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Canada's Finance Minister Joe Oliver speaks during Question Period in the House of Commons on Parliament Hill in Ottawa September 23, 2014. (CHRIS WATTIE/REUTERS)
Canada's Finance Minister Joe Oliver speaks during Question Period in the House of Commons on Parliament Hill in Ottawa September 23, 2014. (CHRIS WATTIE/REUTERS)

Oliver rushes tabling of tax measures after his department's accidental online leak Add to ...

Finance Minister Joe Oliver rushed to table tax measures for the Conservative government’s second budget bill on Friday after his department accidentally leaked details of the changes online.

A 281-page ways and means motion, an official notice to the House of Commons of government plans to introduce legislation involving tax changes, was tabled on Friday, earlier than the government had planned.

On Thursday afternoon, Mr. Oliver’s department accidentally posted a news release with extensive details of tax measures that will appear in the upcoming budget bill.

Just after 4 p.m. on Thursday afternoon, a news release outlining a range of personal, business and international tax changes was posted on the Finance website for a few minutes before it was taken down.

The error brought questions from the Official Opposition on whether anyone could have profited from it.

“I take this situation very seriously and have instructed the department to review its procedures to ensure it does not happen again,” Mr. Oliver said in a statement on Friday evening .

The news release indicates the budget bill will include “income tax and sales tax measures” that were not in the budget. These include changes related to securities rules for foreign affiliates of Canadian banks, new rules for international shipping corporations and improving the operation of the Canadian film or video production tax credit.

The department had apparently intended to post a news release on an enhancement of the Children’s Fitness Tax Credit Prime Minister Stephen Harper announced on Thursday. Because the fitness credit announcement involved a tax change, a 12-page ways-and-means motion was tabled in the House of Commons that day.

After the mix-up, the government on Friday tabled the motion “to implement certain provisions of the budget tabled in Parliament on February 11, 2014 and other measures.” It outlines the measures in the news release that was posted in error.

Late Friday afternoon, Finance re-posted the news release.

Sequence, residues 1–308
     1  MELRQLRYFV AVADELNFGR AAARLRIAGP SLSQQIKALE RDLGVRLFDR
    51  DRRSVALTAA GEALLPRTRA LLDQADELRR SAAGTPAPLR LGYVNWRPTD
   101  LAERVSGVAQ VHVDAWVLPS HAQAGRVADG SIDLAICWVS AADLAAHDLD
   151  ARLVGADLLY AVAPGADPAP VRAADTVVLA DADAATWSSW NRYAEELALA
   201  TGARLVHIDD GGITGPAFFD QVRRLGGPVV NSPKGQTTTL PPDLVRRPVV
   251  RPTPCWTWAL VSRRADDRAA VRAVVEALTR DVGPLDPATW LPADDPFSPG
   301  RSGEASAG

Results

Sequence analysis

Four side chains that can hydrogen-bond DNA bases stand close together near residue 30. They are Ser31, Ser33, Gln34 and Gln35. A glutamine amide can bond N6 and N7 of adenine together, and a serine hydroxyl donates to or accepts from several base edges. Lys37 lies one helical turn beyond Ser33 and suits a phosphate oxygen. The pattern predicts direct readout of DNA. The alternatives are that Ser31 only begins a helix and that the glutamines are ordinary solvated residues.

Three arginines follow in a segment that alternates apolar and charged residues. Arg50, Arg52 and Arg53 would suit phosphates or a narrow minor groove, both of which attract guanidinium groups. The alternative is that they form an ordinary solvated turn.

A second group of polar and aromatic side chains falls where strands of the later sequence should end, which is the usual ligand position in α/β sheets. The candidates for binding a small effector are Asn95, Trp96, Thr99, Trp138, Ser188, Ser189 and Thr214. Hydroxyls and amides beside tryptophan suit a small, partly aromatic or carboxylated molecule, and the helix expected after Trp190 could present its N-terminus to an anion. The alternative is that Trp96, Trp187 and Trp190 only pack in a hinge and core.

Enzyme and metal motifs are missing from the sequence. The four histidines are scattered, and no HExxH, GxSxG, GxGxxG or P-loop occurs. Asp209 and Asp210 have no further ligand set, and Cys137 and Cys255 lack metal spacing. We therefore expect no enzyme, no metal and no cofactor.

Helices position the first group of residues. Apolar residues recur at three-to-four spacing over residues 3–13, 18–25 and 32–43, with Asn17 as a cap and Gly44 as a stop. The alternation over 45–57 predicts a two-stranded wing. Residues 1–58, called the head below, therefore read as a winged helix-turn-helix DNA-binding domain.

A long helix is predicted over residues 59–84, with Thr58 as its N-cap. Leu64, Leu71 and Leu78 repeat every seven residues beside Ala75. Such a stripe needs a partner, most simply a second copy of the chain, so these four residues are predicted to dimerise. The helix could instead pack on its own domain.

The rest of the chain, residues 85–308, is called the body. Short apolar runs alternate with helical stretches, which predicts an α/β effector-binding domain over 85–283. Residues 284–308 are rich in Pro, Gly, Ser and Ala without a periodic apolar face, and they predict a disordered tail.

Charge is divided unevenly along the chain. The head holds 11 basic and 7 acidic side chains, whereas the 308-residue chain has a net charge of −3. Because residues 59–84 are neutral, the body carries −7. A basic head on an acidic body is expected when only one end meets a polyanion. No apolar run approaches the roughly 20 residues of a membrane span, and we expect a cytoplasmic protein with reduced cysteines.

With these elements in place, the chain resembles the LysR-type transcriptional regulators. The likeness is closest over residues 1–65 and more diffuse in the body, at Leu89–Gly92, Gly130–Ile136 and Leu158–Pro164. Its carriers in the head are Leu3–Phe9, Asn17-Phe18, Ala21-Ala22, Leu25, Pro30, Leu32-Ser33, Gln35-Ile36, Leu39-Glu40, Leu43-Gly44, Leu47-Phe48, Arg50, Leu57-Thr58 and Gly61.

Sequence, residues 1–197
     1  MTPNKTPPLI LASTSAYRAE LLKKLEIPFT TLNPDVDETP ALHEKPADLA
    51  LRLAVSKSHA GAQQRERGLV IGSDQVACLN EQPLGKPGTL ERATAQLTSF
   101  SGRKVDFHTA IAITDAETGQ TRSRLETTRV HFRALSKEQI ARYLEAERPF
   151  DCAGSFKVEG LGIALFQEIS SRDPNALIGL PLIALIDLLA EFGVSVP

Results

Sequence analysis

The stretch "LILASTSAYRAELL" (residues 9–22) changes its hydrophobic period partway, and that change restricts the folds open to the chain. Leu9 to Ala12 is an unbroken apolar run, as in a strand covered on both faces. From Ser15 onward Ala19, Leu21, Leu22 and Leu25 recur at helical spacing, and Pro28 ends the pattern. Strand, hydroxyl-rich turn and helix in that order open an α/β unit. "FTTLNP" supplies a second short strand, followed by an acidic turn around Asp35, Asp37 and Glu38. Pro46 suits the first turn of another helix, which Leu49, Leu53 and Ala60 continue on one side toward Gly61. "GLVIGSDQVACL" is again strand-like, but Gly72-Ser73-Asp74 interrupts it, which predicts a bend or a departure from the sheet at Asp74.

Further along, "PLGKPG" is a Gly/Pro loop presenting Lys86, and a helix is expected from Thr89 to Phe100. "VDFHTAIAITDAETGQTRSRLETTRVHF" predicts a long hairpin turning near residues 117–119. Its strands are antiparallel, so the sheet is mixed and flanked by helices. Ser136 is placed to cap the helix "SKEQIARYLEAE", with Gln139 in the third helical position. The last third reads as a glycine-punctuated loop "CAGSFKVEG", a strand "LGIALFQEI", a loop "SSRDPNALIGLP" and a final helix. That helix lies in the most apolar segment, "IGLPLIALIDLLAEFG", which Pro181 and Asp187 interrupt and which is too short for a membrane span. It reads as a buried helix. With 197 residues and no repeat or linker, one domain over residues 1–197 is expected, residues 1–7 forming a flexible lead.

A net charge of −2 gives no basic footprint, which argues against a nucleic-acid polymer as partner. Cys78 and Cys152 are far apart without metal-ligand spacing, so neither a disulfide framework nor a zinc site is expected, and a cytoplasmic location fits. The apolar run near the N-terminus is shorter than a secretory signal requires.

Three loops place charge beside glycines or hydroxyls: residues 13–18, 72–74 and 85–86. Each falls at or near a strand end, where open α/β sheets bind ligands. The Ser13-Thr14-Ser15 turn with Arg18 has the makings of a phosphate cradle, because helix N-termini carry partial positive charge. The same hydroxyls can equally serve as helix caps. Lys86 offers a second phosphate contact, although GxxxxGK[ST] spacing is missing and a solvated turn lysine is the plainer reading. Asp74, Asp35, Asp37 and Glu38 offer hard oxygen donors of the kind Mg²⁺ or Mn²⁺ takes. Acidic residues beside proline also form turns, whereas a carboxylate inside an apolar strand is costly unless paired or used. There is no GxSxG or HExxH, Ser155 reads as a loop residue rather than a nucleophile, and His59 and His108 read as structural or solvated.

NDP finance critic Nathan Cullen sent a letter of concern to Mr. Oliver on Friday.

“The leak and availability of this information, prior to it being made public, gave those with this information an opportunity for personal financial gain,” the letter states. “This could obviously lead to insider trading and market distortions.”

The letter asks the minister to explain how the department is addressing the leak and “whether you have asked appropriate authorities to investigate.”

Mr. Oliver’s statement makes no mention of an outside review. It confirms that he ordered the information tabled right away: “I also tasked the department to get the ways and means motion prepared for tabling in the House of Commons as quickly as possible after this mistake was discovered. This afternoon, the ways and means was tabled in the House to ensure all Members of Parliament and Canadians had full access to the measures contained within.”

Former parliamentary budget officer Kevin Page, who worked on federal budgets at Finance and the Privy Council Office, slammed the government over the incident.

“It’s something that just shouldn’t happen,” Mr. Page said. “Are markets actually going to move? It would depend on the timing of the measures and the market sensitivity of the measures. ... It is still serious from a procedure standpoint. It shouldn’t happen. It’s very sloppy.”

 

Parliamentary convention is that ministers table legislation before details are made public. However, Finance sometimes releases legislation in draft form for consultation. Some of the measures in Friday’s ways and means motion were previously released this way.

The full budget bill will not be released until at least the week of Oct. 20.

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